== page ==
John Hurt is to star in the new BBC ghost story for Christmas. I'm quite pleased. Except, of course, that 'Whistle and I'll Come to You' has been adapted before. And Jonathan Miller's black and white 'Omnibus' drama, starring Michael Hordern, is pretty damn good. So we have two great British actors vying to 'do' Professor Parkins. I wonder if Neil Cross, who's scripting the new one, has read the original story? Because MR James clearly says that Parkins is a young man. Oh well.
But why not make a TV drama from a good literary ghost story that has yet to be adapted? Some thoughts off the top of my head:
'Thurnley Abbey' by Perceval Landon - a bit crazy, this one, but fun, and needs a young cast. Also, great scope for dead nun FX, which is always a plus.
'Man Size in Marble' by Edith Nesbit - cruel, 'modern' story with a good payoff. Perhaps a bit too simple and predictable, but the setting is atmosphere.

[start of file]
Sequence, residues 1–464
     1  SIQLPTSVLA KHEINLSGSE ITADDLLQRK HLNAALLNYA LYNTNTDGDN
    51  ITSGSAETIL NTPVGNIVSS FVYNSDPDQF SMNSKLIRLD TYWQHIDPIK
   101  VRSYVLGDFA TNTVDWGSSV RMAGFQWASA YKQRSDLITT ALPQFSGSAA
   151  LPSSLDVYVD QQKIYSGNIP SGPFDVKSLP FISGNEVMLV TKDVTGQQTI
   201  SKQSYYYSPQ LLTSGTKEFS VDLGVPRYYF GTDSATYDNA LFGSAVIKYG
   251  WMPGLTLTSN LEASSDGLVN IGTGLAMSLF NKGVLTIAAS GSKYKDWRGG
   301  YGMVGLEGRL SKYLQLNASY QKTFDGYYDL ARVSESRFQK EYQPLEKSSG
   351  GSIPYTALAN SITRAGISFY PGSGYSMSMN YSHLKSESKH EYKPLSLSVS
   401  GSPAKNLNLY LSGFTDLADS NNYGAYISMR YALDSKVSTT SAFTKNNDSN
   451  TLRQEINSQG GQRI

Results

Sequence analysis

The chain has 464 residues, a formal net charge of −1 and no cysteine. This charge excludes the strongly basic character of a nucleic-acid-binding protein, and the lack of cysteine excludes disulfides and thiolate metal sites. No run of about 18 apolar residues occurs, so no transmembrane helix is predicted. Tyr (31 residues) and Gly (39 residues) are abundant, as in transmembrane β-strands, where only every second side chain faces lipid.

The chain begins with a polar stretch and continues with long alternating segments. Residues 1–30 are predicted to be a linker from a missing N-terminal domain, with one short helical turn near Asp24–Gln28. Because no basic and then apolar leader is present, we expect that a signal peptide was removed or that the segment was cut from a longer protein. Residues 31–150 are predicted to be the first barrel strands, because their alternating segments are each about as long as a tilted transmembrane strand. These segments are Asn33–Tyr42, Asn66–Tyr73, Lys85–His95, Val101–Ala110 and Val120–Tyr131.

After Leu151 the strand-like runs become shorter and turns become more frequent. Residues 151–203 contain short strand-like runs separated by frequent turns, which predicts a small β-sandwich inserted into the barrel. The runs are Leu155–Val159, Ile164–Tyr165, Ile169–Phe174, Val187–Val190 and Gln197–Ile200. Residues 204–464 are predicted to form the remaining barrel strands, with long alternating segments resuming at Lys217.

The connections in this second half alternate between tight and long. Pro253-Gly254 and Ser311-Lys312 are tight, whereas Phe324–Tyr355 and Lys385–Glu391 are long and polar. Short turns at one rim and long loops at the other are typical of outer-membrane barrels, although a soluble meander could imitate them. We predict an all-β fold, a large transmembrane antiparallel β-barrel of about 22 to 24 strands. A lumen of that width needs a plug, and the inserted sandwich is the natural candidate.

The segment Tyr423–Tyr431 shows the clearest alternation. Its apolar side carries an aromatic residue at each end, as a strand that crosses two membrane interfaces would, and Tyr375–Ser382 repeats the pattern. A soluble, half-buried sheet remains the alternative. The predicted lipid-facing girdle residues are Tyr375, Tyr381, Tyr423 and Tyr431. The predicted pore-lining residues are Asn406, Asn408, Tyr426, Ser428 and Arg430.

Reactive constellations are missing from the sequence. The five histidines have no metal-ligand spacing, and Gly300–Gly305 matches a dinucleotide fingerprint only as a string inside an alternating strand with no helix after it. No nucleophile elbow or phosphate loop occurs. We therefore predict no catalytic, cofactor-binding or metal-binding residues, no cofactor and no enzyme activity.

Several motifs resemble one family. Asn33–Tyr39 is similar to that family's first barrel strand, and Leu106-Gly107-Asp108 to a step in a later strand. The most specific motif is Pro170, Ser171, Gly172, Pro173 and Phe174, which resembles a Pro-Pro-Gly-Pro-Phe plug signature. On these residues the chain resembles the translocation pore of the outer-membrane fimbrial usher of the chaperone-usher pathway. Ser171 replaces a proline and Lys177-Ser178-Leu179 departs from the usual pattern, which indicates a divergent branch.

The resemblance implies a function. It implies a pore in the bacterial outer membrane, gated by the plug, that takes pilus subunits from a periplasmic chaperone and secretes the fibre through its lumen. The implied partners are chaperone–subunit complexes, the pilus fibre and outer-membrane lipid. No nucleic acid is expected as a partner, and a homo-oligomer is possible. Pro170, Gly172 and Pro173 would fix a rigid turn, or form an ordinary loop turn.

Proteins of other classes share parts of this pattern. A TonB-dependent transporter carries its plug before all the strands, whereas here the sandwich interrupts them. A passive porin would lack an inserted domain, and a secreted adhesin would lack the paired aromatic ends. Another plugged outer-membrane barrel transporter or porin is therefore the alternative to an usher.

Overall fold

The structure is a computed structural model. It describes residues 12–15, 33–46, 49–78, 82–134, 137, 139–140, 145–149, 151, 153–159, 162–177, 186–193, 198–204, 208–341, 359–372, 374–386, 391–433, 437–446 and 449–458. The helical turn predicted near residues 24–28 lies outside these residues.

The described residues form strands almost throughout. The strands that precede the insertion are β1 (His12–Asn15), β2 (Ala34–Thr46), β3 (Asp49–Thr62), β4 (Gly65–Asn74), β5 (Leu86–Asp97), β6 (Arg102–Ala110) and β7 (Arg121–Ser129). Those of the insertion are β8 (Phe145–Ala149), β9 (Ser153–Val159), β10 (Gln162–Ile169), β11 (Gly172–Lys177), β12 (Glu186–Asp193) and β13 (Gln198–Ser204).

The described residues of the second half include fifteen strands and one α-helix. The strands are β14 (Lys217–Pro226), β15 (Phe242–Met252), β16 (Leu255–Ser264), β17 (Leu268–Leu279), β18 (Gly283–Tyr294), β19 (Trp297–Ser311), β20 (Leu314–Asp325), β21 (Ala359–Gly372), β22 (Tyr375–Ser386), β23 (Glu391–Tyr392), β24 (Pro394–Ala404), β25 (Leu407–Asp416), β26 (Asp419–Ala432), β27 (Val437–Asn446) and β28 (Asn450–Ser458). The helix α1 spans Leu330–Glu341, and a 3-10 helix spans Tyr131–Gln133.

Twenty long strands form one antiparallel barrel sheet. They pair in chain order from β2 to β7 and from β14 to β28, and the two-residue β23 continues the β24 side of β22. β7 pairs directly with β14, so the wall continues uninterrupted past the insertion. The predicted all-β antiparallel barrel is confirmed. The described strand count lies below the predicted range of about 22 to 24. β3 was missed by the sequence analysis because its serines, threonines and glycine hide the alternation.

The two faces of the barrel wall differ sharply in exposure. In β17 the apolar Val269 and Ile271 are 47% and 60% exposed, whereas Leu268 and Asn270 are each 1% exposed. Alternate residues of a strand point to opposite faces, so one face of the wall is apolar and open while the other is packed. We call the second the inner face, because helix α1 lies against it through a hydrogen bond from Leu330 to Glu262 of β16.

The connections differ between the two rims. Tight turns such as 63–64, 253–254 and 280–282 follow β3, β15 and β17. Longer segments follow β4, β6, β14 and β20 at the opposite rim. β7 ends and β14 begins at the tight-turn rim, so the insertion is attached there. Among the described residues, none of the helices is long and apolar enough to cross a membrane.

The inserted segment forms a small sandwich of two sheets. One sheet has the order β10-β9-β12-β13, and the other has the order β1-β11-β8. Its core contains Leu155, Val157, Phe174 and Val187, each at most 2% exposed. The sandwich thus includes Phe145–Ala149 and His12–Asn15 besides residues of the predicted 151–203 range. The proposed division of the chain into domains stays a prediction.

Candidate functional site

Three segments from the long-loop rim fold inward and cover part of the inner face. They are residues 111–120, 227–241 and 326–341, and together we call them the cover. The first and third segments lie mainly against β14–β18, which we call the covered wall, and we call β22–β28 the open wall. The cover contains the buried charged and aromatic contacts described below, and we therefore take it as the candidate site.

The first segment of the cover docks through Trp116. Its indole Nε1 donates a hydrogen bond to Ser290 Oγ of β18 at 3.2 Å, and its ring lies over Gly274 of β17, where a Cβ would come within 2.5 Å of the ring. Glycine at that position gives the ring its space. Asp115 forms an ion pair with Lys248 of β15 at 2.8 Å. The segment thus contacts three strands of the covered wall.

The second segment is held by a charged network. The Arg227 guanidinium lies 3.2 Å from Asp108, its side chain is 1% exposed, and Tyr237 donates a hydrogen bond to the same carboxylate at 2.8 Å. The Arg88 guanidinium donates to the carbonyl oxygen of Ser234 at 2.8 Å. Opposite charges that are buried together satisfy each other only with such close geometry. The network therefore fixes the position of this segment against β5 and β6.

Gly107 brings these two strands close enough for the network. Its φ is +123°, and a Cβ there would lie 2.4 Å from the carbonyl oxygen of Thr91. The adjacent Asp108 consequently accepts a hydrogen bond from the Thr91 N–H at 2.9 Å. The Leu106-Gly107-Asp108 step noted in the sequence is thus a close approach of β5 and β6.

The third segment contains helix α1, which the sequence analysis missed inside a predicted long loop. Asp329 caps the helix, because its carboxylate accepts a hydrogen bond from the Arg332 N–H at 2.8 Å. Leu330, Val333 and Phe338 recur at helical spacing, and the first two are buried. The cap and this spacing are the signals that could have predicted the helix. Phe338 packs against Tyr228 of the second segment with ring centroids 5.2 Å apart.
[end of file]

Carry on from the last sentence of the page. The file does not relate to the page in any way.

'The Room in the Tower' by E.F. Benson - one of those between-the-wars jobs, with a good atmospheric dream-horror feel. Scope for imaginative direction.
'The Seventeenth Hole at Duncaster' by H.R. Wakefield - again, pre-war, but more 'realistic', and the golfing theme is nice and quaint. Slightly weak ending, perhaps.
'All Hallows' by Walter de la Mare - tricky one to film, perhaps, with just two characters talking. But weird stuff occurs and again FX of a subtle sort might be rather neat.
And that's before we consider MR James stories yet to be adapted. 'Count Magnus' and 'Wailing Well' both strike me as eminently scary and suited to a nice winter's evening on BBC2.